Press Release, February 19, 2008
Lahore: The Human Rights Commission of Pakistan applauds the people of Pakistan who overcame several obstacles and despite pre-poll rigging gave a clear verdict in favour of democratic governance. Regrettably, this opportunity was not available to the electorate in Balochistan. Boycott of worthy political leadership from contesting the elections and their call for staying away from the polls; have not reflected a genuine will of the people of Balochistan to the 2008 polls. This will pose a challenge to the federal parliament as well as the future provincial government of the Province.
The people of Pakistan have placed a monumental responsibility on the winning political parties to ensure that the democratic transition takes place. In addition, there are expectations from the new Parliament to restore the deposed judiciary, improve law and order and to solve the economic crisis. The new government will also be expected to find imaginative ways of combating terrorism, without putting the lives of non-combatants in danger. This will require policies and actions built through consensus. Unilateral and rash decisions of the past have not curbed the rise of ‘talibanisation’ but added to the miseries of the people. A large number of people have been displaced, lost their lives and been regularly exposed to violence.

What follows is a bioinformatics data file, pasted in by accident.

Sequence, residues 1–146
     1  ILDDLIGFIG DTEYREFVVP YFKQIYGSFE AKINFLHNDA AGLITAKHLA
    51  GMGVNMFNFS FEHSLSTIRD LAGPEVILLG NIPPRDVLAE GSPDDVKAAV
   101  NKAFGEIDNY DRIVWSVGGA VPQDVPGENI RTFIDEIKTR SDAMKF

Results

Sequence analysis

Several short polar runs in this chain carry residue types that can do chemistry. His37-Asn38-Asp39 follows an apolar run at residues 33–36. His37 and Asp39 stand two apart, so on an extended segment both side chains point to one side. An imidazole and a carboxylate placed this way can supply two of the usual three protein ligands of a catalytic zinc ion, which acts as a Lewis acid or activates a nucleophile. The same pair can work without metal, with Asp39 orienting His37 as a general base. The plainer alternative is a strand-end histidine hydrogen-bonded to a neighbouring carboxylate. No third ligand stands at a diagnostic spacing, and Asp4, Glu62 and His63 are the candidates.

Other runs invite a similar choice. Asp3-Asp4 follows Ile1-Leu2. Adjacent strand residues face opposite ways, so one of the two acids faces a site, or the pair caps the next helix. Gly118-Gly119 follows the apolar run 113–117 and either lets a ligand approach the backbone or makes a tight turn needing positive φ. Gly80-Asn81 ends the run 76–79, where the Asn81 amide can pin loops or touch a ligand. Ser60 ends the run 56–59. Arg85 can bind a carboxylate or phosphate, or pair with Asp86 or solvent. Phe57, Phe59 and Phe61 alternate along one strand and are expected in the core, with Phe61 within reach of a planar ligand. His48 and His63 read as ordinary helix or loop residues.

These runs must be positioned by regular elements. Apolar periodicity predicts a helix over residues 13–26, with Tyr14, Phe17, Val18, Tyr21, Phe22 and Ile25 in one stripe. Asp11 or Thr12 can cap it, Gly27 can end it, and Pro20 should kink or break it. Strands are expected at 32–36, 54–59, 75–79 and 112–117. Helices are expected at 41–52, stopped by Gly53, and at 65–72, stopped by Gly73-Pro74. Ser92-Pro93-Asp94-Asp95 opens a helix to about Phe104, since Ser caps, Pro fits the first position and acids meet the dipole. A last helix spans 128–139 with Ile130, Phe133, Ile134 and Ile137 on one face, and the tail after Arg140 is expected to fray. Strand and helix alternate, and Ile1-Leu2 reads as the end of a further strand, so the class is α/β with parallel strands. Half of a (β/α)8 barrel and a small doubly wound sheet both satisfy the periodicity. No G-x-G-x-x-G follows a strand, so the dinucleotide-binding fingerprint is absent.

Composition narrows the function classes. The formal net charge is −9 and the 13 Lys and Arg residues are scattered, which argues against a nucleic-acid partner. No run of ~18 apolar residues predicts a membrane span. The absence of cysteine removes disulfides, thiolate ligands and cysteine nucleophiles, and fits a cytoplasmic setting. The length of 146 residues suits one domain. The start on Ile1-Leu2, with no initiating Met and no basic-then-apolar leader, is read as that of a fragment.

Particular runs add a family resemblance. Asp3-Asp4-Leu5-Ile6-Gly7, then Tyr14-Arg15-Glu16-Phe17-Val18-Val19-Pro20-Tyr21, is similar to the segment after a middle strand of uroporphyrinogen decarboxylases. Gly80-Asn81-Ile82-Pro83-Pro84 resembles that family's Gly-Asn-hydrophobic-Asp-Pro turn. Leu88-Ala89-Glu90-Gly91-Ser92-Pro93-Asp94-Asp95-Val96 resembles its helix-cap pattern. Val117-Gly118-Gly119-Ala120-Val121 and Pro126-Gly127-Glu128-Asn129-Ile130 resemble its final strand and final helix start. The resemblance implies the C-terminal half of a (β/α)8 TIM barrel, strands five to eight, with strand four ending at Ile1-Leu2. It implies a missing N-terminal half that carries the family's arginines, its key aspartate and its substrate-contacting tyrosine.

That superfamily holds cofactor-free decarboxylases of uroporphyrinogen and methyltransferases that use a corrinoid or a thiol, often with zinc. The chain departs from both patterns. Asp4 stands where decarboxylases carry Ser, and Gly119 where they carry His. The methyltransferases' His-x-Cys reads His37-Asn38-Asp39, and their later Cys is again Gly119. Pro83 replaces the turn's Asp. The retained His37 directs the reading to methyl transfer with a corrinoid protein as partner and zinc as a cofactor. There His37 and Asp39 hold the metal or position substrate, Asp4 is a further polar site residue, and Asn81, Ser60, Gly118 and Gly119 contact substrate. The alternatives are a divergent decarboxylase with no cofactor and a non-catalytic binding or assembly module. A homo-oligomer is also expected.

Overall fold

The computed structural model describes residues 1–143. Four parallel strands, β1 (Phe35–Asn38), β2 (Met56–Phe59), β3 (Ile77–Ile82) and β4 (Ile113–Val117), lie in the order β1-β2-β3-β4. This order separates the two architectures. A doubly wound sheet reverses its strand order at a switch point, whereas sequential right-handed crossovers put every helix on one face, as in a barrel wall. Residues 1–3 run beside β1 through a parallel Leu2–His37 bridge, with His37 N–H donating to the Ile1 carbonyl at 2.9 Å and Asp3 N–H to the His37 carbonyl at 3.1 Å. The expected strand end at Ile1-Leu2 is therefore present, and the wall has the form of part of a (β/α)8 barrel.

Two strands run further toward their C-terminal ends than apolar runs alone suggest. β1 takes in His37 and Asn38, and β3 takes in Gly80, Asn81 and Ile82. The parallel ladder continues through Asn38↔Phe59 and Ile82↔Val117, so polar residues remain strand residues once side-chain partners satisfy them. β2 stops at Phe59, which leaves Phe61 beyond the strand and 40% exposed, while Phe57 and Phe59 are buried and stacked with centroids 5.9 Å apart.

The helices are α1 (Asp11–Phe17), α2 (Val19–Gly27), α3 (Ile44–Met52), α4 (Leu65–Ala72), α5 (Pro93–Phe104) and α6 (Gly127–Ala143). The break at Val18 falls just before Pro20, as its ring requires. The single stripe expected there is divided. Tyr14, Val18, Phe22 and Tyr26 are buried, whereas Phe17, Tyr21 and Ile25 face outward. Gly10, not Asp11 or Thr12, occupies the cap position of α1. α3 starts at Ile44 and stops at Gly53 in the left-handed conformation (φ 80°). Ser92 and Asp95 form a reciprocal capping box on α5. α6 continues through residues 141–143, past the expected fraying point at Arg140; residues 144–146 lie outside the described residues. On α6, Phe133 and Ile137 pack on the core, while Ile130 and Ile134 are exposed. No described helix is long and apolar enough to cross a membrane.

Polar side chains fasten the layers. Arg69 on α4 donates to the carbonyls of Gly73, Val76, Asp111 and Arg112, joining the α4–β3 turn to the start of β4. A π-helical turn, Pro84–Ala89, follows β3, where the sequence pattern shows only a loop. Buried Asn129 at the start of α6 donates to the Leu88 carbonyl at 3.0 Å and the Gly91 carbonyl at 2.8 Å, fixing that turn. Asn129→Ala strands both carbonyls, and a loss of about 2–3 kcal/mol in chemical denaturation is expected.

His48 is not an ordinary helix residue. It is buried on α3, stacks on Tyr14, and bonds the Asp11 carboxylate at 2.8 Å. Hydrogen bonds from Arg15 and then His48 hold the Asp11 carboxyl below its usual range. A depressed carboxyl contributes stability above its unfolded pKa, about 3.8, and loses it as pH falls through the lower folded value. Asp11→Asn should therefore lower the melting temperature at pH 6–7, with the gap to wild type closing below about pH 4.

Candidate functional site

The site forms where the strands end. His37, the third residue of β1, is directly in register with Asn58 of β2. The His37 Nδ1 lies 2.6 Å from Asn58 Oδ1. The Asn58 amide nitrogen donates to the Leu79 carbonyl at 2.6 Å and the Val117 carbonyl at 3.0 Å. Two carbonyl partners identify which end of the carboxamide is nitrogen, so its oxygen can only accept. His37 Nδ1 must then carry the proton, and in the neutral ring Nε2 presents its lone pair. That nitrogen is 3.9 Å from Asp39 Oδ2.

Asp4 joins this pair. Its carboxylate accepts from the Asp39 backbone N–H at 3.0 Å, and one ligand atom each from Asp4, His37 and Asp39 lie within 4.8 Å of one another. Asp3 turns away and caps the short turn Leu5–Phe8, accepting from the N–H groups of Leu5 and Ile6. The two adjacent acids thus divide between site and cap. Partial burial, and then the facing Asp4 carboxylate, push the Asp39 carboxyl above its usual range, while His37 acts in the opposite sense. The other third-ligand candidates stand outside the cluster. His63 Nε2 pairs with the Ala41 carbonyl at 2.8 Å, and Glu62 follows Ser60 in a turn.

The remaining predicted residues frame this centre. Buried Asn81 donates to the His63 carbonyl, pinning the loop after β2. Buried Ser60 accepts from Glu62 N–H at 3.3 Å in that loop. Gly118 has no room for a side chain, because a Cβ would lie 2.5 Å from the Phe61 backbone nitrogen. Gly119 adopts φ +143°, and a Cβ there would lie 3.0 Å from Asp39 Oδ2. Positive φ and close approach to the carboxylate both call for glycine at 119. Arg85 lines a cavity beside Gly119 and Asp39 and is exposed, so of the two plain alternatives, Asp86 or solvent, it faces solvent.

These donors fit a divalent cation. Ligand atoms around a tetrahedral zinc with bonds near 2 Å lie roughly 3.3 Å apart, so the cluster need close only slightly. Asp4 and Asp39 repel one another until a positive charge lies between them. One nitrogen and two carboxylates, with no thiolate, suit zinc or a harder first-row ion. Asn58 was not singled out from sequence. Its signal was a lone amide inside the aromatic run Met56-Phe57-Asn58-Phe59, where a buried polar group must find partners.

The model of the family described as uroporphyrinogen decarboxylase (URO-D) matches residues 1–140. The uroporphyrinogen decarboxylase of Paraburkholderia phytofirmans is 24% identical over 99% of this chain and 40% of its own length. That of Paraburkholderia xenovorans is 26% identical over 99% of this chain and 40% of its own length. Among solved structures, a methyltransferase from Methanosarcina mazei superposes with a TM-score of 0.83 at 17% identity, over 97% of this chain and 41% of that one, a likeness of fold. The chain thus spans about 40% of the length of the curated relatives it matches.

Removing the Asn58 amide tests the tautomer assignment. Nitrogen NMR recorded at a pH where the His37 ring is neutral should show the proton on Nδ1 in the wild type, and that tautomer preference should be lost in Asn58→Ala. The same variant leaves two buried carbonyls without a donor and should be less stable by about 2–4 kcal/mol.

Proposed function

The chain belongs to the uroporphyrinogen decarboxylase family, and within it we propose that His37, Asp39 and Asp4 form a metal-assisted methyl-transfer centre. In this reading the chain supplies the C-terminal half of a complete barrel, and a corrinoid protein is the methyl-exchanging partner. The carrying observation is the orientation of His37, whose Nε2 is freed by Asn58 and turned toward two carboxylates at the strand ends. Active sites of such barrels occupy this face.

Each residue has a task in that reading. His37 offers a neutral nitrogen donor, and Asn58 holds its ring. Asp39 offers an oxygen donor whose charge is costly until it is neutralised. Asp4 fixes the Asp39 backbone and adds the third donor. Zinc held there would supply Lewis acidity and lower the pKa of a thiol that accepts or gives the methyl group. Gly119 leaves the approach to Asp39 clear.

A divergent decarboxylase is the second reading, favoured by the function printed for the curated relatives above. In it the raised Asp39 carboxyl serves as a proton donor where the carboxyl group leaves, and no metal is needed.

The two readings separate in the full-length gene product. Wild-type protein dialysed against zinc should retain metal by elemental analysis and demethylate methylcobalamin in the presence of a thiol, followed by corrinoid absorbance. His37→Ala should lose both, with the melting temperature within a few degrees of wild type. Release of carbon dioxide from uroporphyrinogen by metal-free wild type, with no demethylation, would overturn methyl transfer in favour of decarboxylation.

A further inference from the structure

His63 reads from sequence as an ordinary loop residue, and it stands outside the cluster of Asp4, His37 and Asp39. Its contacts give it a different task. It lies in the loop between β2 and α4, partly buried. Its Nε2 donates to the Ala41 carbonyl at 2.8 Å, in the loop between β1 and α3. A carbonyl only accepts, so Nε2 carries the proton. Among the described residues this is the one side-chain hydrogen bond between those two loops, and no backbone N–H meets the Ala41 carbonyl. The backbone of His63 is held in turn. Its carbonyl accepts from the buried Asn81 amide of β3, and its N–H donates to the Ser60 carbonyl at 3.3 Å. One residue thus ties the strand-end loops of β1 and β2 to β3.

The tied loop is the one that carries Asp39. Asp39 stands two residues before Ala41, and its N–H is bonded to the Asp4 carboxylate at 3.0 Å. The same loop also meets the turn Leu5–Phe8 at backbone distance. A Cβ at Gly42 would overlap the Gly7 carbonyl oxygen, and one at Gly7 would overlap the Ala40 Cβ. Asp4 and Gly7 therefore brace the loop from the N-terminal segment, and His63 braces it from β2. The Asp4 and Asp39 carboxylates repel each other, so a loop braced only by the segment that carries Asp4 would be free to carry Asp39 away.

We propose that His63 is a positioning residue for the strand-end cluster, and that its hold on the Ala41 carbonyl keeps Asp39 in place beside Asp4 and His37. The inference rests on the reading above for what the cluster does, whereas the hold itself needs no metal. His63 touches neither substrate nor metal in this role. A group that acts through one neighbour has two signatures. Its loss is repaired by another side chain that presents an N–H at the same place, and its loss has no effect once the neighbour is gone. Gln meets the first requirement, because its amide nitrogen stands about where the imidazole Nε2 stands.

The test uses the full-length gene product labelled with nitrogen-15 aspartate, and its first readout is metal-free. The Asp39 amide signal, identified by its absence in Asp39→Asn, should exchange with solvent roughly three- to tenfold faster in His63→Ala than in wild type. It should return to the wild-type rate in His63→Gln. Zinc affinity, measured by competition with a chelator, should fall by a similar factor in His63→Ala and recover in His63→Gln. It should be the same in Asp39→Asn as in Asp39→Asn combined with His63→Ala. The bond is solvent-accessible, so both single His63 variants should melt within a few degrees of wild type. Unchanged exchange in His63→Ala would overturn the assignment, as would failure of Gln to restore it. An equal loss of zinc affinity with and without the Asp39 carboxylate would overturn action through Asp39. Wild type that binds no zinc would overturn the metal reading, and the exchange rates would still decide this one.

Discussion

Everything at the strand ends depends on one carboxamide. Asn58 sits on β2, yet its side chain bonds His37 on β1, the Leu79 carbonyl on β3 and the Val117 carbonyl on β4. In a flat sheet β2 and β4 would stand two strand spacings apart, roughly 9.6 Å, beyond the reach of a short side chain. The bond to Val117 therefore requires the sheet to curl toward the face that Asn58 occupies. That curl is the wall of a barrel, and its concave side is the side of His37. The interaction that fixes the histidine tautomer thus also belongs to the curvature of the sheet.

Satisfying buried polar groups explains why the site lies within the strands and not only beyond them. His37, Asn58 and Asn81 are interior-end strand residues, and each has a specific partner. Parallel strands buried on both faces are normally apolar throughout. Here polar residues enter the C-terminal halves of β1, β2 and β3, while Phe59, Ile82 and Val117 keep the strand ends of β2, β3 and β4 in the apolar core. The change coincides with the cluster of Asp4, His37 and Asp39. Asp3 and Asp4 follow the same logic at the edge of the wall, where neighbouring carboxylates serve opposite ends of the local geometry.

Pakistan’s civil society, too, must continue to play their role and maintain closer interaction with political parties.
HRCP would also like to express its gratitude to all foreign observers, who traveled to Pakistan to monitor our elections. Despite, the threat of violence, these observers came to ensure that the true voice of the people of Pakistan could be heard. The message is clear: rule by the military can no longer be tolerated, whether in the name of combating terror or in the garb of delivering a transition to democracy.
Dear Ms.Asma Jahangir,
Congratulations on the restoration of democracy in Pakistan! I am a journalist with Frontline Magazine in New Delhi. I would like to pose a few questions to you on the legal dimensions of this turning point in Pakistan’s history. How could I contact you?
One of my recent articles on Pakistan Judiciary appeared in Frontline recently. The link is here: